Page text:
This post is adapted from my column that first appeared at FederalNewsNetwork.com
Mainly to show support for veterans — I’m not a veteran — I joined the biggest protest parade in Washington, Rolling Thunder 2019. The annual event has been running for more than 30 years, but the founders are getting older and more frustrated with the District of Columbia and the Pentagon. Whether Rolling Thunder 2019 was really the last is uncertain.
Don’t call it a bike rally or a parade — it’s officially a protest ride to keep the Pentagon’s attention on the POW-MIA issue. It has a Vietnam orientation, named for the 3-year bombing campaign, but it draws riders of all ages, veterans from all subsequent wars and conflicts.
I won’t deny that it also seemed like a fun motorcycle thing to do, too. And it was. I’ve watched the event and vowed to be part of it at least once. Many friends told me I’d be sorry. It’s awful waiting in the blazing hot Pentagon parking lot, they said. It’s all stop and go. You’ll burn up your clutch. You’ll keel over from dehydration. One guy to whom I gamely suggested it might be fun to do just once, roared back, “What’s the fun? Not dying?” Golly, it’s not the Tet Offensive, I thought.
I started early Sunday morning, to join a couple thousand other bikers departing from District Harley-Davidson in Gaithersburg. I even ended up parking right next to a friend, Robert, a former Marine and long time State Department employee, on his Road King. We didn’t know the other was a rider.
First. though, I’d packed my bike from a list I’d lovingly worked up. I always use lists for travel. I brought:
- Three bottles of fluid (water, water flavored like ice tea, and water flavored with electrolyte berry stuff), standing upright in a big ZipLoc bag in my left saddlebag
- Regular sunglasses (not my WileyX progressive, transitioning riding goggles)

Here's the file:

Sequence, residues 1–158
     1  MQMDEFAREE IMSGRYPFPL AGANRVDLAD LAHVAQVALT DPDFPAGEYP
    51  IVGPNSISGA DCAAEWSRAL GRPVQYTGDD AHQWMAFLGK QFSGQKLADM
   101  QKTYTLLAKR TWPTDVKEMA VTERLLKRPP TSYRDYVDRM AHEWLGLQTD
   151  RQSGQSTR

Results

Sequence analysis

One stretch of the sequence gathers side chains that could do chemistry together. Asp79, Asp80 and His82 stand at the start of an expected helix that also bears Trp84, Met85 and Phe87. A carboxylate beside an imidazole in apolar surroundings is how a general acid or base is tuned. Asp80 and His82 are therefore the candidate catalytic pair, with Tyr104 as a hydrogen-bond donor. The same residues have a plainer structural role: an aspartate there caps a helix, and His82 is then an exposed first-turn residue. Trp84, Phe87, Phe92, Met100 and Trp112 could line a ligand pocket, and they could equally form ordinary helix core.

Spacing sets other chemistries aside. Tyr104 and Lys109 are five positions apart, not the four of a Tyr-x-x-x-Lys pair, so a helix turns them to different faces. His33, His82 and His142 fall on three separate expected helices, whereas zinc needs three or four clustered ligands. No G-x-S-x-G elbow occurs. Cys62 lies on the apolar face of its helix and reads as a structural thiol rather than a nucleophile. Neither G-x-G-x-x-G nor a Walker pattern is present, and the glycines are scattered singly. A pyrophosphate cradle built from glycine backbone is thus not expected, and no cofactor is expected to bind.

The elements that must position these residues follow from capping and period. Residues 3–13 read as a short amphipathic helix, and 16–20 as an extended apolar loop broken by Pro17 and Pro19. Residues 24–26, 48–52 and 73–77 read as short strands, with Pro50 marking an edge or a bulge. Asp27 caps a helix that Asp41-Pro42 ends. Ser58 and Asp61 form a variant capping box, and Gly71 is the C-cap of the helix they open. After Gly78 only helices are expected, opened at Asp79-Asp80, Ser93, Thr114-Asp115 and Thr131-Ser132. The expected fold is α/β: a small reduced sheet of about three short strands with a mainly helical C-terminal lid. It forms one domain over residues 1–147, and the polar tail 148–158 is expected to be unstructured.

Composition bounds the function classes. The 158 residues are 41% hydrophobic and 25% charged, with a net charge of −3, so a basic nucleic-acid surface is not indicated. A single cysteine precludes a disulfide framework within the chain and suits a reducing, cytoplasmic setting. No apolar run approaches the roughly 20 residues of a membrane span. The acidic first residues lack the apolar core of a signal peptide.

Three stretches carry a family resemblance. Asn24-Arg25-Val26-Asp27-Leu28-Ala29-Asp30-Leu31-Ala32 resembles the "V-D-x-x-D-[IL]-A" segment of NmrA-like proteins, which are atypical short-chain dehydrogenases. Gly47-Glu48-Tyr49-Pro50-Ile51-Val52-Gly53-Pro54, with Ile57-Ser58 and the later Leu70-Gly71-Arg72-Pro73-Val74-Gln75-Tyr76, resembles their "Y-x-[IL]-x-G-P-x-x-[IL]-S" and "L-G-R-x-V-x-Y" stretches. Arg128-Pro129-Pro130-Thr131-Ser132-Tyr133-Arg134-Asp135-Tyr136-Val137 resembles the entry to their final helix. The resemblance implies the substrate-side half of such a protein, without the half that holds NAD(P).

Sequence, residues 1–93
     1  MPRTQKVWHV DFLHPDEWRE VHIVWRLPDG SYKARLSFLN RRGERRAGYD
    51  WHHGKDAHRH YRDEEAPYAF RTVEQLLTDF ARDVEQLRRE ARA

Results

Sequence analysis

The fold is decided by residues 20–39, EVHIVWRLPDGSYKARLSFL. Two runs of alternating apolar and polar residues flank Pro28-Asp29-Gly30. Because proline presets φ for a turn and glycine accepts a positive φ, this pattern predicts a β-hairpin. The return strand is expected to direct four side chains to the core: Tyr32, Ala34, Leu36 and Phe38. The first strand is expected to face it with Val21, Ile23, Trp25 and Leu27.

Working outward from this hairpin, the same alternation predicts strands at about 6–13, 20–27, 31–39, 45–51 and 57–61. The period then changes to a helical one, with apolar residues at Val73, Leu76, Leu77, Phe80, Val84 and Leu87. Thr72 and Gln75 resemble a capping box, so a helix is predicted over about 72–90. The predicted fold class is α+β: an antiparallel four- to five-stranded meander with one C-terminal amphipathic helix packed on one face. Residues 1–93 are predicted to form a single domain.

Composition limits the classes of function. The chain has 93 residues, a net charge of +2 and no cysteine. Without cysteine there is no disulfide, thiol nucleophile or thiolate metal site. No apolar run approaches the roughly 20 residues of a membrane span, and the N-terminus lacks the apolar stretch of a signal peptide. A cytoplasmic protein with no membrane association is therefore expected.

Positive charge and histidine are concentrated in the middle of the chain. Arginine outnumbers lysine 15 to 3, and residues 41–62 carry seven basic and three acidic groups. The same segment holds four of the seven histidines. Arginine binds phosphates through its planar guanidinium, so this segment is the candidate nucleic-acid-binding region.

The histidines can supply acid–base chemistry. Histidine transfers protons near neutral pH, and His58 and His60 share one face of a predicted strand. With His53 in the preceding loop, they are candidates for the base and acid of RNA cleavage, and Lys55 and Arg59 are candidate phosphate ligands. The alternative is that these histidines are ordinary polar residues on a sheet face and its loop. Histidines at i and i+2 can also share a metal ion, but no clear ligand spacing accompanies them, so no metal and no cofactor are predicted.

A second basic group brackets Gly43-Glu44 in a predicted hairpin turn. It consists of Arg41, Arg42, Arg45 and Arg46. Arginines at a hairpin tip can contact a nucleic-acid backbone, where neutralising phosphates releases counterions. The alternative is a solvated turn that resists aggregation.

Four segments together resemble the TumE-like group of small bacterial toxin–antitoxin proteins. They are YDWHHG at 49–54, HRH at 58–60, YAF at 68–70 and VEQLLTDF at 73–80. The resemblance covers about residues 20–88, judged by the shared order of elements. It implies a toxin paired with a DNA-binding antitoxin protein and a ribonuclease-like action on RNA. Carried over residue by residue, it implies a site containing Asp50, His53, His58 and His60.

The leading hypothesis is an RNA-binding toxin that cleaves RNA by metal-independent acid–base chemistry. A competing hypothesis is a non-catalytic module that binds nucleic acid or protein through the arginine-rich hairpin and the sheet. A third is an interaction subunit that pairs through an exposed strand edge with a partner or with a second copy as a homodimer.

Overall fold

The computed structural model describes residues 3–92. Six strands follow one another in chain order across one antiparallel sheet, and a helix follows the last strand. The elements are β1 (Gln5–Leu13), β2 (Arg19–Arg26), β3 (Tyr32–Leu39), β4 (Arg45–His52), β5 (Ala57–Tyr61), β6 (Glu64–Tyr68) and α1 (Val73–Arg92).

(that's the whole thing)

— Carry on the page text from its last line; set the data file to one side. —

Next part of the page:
- Two peanut and jelly sandwiches, a nutrition bar, and an apple.
- Buff for keeping the sun off my scalp (You don’t know Buffs? Look it up)
- SPF 30 sport sunscreen for whatever else might be exposed, principally my nose
- Pen and waterproof small notepad (those are always on my bike)
- Flip flops for when I took my boots off during the long wait at the Pentagon staging area
- Spare T-shirt
- Large microfiber wiping rag
- GoPro and charger, borrowed from my radio station, to be stuck on big gooseneck grip mounted on my left engine guard bar.
- Wallet, cash, iPhone.
Man, I was prepared. It all fit into the two bags native to my Heritage Classic, along with the usual junk in there — seat cover, owner’s manual, big fold-out knife, a few tools, helmet lock, USB cables, and other miscellaneous items. I’d also purchased a nice Harley-Davidson half helmet for this event, given the anticipated heat, the relatively safe conditions — and so people could see my actual face while I was aboard.
I was also mentally prepared for a long day.
After milling around with biker friends and coffee-and-doughnuts, bike-and-rider blessing, reciting of the Pledge of Allegiance, rendition of Star Spangled Banner by a county policeman/jazz saxophonist, the District staff marshaled us into a long departing column, two bikes wide. Those going all the way to the Pentagon went first. An employee asked everyone as she marched along the parked bikes, “Pentagon?” I gulped and said, “Yep.”
How cool to ride in two columns on Shady Grove Road, Interstates 370 and 270, the Beltway outer loop and George Washington Parkway, which were closed to cars and police escorted. Even on the highways, people stopped along the way and cheered. They waved from the bridges over the roads.
Entering the Pentagon’s property perimeter, the ride slowed to a stop-and-go crawl, as police and organizers worked to cram umpteen thousand bikes into the Pentagon’s three giant parking lots. Not so bad, I thought. I’d expected the backup to start a mile up the GW Parkway.
Finally, after maneuvering around the Pentagon Force Protection Agency vehicles parked so as to slow the bikes way down, we were ushered into the extreme corner of the second giant Pentagon lot. We were in an odd zone, behind a long row of the decorated ceremonial tractor trucks, and a line of port-a-potties. Thus I started my hours-long wait for the start of the parade out of there. Landscaping for some concrete utility structure there provided shade.